• Home
    Home This is where you can find all the blog posts throughout the site.
  • Categories
    Categories Displays a list of categories from this blog.
  • Tags
    Tags Displays a list of tags that have been used in the blog.
  • Bloggers
    Bloggers Search for your favorite blogger from this site.
  • Archives
    Archives Contains a list of blog posts that were created previously.
  • Login
    Login Login form
Recent blog posts
Posted by on in Flipped Classroom

I didn’t always hate school. In fact, I used to love it. I still recall exactly when I fell in love with school, and precisely when I started disliking everything about it.  

The image is dim, but I can vaguely see the front of the classroom. I see the teacher, and I see me. We’re decorating the walls for the new school year. Yup! Just me, Miss Jones, lots of construction paper, Elmer’s glue and Scotch tape. The process was creative and fun. She made me feel like the project we were doing really mattered, and I felt connected and valued. I was somewhere around six years old and utterly convinced that school was cool.

Fast Forward…

Don’t know why my sisters and I moved to a new school, but I remember everything about the culture shock. We went from being one of 10 kids in a class to be one of around 30. I can’t remember any of my teachers’ names and wonder, in retrospect, if they ever knew mine. I do recall feeling invisible and disconnected. I went from sitting in the front of the room to hiding out in the back. Eventually, my body was showing up for class, but my mind would leave the building.

Fast Forward Again…

Both of my sisters are now educators.They have advanced degrees and a three-decades-long history of walking through school doors. They apparently loved school enough to go back again and again. Not me… I bolted for freedom at the earliest possible opportunity. I was going to be a pilot or an entrepreneur -- whichever one didn’t involve algebra.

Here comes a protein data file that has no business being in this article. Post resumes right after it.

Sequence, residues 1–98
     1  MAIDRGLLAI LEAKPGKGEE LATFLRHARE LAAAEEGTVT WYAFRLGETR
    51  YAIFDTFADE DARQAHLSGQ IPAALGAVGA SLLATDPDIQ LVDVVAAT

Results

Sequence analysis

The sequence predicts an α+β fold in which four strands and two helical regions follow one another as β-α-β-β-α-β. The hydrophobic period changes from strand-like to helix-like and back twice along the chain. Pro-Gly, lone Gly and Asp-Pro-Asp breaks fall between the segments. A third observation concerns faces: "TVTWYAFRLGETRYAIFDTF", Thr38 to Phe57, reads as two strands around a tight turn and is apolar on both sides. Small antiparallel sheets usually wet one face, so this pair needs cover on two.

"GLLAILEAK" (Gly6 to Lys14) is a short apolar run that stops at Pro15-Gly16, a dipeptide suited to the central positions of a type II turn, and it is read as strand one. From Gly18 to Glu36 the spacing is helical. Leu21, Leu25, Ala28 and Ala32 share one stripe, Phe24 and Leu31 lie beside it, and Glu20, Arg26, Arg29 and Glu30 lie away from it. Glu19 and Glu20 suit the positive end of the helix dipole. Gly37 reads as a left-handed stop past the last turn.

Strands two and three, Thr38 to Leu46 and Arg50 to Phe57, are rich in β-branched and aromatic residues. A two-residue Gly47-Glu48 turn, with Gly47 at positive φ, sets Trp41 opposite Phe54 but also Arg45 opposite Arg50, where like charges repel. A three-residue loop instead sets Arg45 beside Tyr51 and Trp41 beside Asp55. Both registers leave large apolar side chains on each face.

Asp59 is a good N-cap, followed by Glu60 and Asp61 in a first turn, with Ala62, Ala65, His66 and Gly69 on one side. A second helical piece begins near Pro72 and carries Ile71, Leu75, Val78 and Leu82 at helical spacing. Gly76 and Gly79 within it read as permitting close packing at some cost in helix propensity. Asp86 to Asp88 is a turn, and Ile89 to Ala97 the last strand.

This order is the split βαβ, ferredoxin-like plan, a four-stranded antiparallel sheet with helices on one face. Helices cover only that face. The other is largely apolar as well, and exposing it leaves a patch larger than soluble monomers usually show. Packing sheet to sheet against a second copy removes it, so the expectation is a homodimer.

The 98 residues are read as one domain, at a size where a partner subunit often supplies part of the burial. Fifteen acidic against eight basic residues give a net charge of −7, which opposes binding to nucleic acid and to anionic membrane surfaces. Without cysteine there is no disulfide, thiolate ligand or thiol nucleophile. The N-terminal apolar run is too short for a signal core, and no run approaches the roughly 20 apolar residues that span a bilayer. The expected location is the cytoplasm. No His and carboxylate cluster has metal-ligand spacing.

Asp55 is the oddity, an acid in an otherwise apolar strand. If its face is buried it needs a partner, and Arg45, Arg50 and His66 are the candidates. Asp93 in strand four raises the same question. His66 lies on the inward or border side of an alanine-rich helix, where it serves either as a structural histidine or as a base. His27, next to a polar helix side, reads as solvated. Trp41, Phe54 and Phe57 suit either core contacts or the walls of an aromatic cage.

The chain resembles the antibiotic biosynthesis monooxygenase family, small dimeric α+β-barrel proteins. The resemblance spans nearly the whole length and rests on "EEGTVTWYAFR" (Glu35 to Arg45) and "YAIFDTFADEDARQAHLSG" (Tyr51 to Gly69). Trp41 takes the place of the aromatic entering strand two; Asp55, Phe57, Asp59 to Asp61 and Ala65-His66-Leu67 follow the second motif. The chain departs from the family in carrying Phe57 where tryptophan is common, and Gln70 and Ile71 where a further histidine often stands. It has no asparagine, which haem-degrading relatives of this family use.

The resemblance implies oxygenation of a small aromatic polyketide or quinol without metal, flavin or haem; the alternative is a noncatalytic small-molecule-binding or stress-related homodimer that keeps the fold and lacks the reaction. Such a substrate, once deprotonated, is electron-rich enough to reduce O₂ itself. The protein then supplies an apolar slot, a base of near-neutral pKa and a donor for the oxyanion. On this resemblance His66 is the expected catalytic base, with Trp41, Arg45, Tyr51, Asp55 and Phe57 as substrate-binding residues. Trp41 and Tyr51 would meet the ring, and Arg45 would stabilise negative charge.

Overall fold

...
Last modified on
Posted by on in Movement and Play

Champions in school, champions at life. Respect.

Thank you to our Sensei, master teacher for teaching us never-ending, continual improvement. “Kai Zen!”

Karate classes, taught by Sensei, extraordinary meshing of kids and Instructor.

Listen to the children with me, powering up their spirits with the sound of “Kiai”, sounds like kee-eye. Here we go! Outfits on, belts tied, spirits soaring.

...
Last modified on
Posted by on in Teaching Strategies

Screen-Shot-2017-05-18-at-7.55.19-AM.png

Cognitive Overload. Unfortunately, we do that a lot. We often overwhelm students with information when we present it to them. What's worse, we teach them to do the same to others when they present. We are killing them. Well... We're killing their learning...

So, it is only fair we call the police on ourselves... Or stop the insanity...

Talk About 1 To 3 Key Points And Expand On Them

One way you may be killing your students is by doing too much. They say: Say Less! They mean it. So never, ever spend the entire class period presenting. Such practice is questionable even in college. And, it's NEVER student centered.

This is what most of my college experience was. Presentations were meant to be interactive, but usually only a small percentage of students asked questions or commented.

...
Last modified on
Posted by on in General

 a1sx2_Original1_hell-always-be-there-2.jpg

 

This is one of those things that I learned through failure.

Several years ago, I went through a very dark period in my life. A period during which I was under a lot of stress. Some of it was self-induced and some of it was caused by outside forces. I lost twenty pounds. I began taking medication for anxiety. I fought like Hell to put on a happy face when I was out in public. But by the time I got home I was tired. And I am quite certain that my wife and kids saw a side of me that others did not. I wasn’t mean. I simply was grumpier than I should have been. They deserved better than what they got. I can’t go back and redo those days. I wish I could, but I can’t. But I have today. And right now, that is enough.

One person that helped me tremendously during that time and whenever I have needed him, is Ben Gilpin. I can’t begin to imagine how many voxes Ben must have listened to during those days. Many of them I’m sure were not pleasant. But, he was always there. He was like the wise tree in Shel Silverstein’s The Giving Tree[1]. Always able to give me what I needed at the right time. When I needed advice. He gave it to me. And when I just needed an ear to listen. He was that ear. And like the tree in the book, Ben gave much more than he received. That is just the type of person that Ben is.

...
Last modified on
Tagged in: Mistakes My Bad mybad16
Posted by on in General

Flaws.jpg.png 

 

I have flaws. I have lots of them.

 

Peter DeWitt

...
Last modified on